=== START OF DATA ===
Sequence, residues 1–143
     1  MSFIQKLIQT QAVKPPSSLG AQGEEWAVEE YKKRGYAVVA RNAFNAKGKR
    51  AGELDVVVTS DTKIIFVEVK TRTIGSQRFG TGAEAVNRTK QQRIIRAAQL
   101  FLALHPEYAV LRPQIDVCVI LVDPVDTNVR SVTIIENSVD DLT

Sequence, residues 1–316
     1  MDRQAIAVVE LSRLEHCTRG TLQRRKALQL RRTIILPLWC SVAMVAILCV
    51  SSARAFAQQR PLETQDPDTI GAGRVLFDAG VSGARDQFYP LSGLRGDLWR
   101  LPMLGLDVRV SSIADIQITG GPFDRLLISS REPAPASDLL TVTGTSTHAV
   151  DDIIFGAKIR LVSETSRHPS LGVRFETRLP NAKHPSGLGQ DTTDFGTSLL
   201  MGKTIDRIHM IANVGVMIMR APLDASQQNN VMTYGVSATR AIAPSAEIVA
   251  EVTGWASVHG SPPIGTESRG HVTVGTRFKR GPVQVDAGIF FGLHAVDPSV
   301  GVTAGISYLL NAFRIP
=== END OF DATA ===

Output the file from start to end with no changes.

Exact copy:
Sequence, residues 1–143
     1  MSFIQKLIQT QAVKPPSSLG AQGEEWAVEE YKKRGYAVVA RNAFNAKGKR
    51  AGELDVVVTS DTKIIFVEVK TRTIGSQRFG TGAEAVNRTK QQRIIRAAQL
   101  FLALHPEYAV LRPQIDVCVI LVDPVDTNVR SVTIIENSVD DLT

Sequence, residues 1–316
     1  MDRQAIAVVE LSRLEHCTRG TLQRRKALQL RRTIILPLWC SVAMVAILCV
    51  SSARAFAQQR PLETQDPDTI GAGRVLFDAG VSGARDQFYP LSGLRGDLWR
   101  LPMLGLDVRV SSIADIQITG GPFDRLLISS REPAPASDLL TVTGTSTHAV
   151  DDIIFGAKIR LVSETSRHPS LGVRFETRLP NAKHPSGLGQ DTTDFGTSLL
   201  MGKTIDRIHM IANVGVMIMR APLDASQQNN VMTYGVSATR AIAPSAEIVA
   251  EVTGWASVHG SPPIGTESRG HVTVGTRFKR GPVQVDAGIF FGLHAVDPSV
   301  GVTAGISYLL NAFRIP